What We Do Is More Important Than Who We Are
Focus on the Future
November 10, 2006
This article was originally published in the Minnesota Trial Lawyer magazine Volume 31, No. 4 (Fall 2006). It is reprinted with the permission of the Minnesota Trial Lawyers Association.
What we do is more important than who we are. I am a “Trial Lawyer” and I am proud of it. Trial Lawyers have made our country safer for all people by requiring safer products and work environments. Trial Lawyers have restored dignity and security to those who have had their health and families taken from them by wrongdoers who have otherwise refused to be held accountable. We have been very successful in advancing our most fundamental mission to promote justice for those who have suffered and to the public as a whole.
However, our pride and career satisfaction flows not from our title, but rather from what we do to promote justice for those in need. This is because we must always put our clients’ best interests in front of our own. If we are to do this, we must ask: How does “who we are” impact “what we do”? Our credibility is absolutely essential to advance justice for all. This is true whether we are talking to jurors, the voting public, or legislators. What credibility does the title “Trial Lawyer” carry with it? It is undeniable that decades of false propaganda by large profit-driven corporations has overwhelmingly convinced the public (including voters and the jury pool) of the falsehood that “Trial Lawyers” are greedy and file frivolous lawsuits. The powerful and wealthy tortfeasors even cite our chosen name, “Trial Lawyers’ Association” for “proof’ that we deem ourselves more important than what we do. (Compare, “Education Minnesota” and the “Minnesota Medical Association.”) Sadly, studies clearly and unequivocally show that the public believes that the messages delivered by “Trial Lawyers” carry much less credibility than the very same messages delivered by people with a different title. This calls into question whether those we serve are best served by our title.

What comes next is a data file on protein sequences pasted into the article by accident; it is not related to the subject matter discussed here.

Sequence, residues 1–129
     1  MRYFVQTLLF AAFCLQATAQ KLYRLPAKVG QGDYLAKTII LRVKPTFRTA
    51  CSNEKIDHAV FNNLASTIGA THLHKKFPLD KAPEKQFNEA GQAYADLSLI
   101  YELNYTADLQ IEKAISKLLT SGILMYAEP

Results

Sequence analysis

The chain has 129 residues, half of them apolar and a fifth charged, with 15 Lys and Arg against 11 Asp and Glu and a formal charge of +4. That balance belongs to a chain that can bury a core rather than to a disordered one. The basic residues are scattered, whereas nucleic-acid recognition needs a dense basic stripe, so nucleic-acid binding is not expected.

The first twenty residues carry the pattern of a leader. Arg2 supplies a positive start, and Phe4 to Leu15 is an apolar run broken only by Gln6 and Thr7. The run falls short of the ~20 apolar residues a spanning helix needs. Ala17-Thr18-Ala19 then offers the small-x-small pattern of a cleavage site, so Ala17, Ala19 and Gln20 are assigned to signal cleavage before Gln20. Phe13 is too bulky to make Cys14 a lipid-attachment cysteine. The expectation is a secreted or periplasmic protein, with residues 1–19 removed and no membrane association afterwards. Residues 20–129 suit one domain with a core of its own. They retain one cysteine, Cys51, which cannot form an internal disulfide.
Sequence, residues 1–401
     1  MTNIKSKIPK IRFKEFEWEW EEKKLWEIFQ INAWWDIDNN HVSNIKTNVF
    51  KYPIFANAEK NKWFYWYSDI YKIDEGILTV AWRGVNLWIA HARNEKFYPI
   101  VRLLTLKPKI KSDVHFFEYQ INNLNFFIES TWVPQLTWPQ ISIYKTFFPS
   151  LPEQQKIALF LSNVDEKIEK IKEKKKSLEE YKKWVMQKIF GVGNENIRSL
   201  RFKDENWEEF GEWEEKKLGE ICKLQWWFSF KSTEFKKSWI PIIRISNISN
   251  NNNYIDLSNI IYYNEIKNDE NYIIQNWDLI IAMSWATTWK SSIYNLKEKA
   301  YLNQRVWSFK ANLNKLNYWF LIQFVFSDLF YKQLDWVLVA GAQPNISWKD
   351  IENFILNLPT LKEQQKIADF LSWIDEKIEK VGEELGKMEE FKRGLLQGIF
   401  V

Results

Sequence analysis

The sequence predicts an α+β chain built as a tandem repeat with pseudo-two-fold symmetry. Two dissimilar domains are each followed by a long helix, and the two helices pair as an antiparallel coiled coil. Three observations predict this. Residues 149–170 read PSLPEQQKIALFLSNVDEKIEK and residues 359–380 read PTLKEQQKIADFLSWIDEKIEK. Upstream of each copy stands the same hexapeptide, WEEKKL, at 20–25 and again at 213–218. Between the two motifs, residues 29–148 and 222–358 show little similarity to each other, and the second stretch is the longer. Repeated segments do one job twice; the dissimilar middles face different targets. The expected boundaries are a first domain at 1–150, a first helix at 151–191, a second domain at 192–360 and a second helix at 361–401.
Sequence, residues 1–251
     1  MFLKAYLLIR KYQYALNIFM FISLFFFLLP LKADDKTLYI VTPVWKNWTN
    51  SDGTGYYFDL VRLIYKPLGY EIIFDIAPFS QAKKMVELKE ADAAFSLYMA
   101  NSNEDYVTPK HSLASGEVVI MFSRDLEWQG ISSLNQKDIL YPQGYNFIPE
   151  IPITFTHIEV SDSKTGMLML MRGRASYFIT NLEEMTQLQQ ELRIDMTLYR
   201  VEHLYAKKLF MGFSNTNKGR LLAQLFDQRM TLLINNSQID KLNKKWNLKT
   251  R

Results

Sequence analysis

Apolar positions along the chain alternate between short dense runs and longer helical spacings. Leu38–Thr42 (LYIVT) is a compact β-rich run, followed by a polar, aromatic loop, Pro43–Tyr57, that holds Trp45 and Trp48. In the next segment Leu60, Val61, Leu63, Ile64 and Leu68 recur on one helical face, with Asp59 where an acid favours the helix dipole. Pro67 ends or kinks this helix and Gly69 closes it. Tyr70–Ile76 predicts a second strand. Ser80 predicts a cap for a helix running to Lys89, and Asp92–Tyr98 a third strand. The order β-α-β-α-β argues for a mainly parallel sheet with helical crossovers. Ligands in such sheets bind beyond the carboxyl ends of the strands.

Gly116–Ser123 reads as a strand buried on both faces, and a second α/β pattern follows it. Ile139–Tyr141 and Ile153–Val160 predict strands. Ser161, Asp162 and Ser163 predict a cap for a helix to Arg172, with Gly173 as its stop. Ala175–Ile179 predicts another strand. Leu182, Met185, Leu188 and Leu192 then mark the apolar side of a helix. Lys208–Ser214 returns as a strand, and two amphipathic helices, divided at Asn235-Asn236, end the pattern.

Well before ATLA (soon to be known as: “The American Association for Justice”) pursued its own name change, MTLA formed a committee to study whether a name change would be appropriate to better reflect our priorities. We studied the available information and concluded that there was merit to carefully consider a name change. However, we concluded that the cost of performing adequate studies was prohibitive. Then, at great expense, ATLA and other states carefully and extensively studied this very same issue. Those results are now available to us and it is time for us to finish the business we started years ago. Therefore I have asked Past President Wil Fluegel to chair a committee to conduct member sessions around the state to make recommendations to our membership as to what is best for those we serve.
We should not change our name because ATLA changed its name. We should not keep our present name because of our pride of who we are. We should make our own decision based on what we believe is more important; who we are, or what we do. This is an issue that inherently invites some divisiveness. However, I do believe that with careful and considerate thought and deliberations, we will ultimately do what is best for those we serve and consistent with MTLA’s mission, as long stated in our own MTLA logo, that we are committed to “Representing Justice.”
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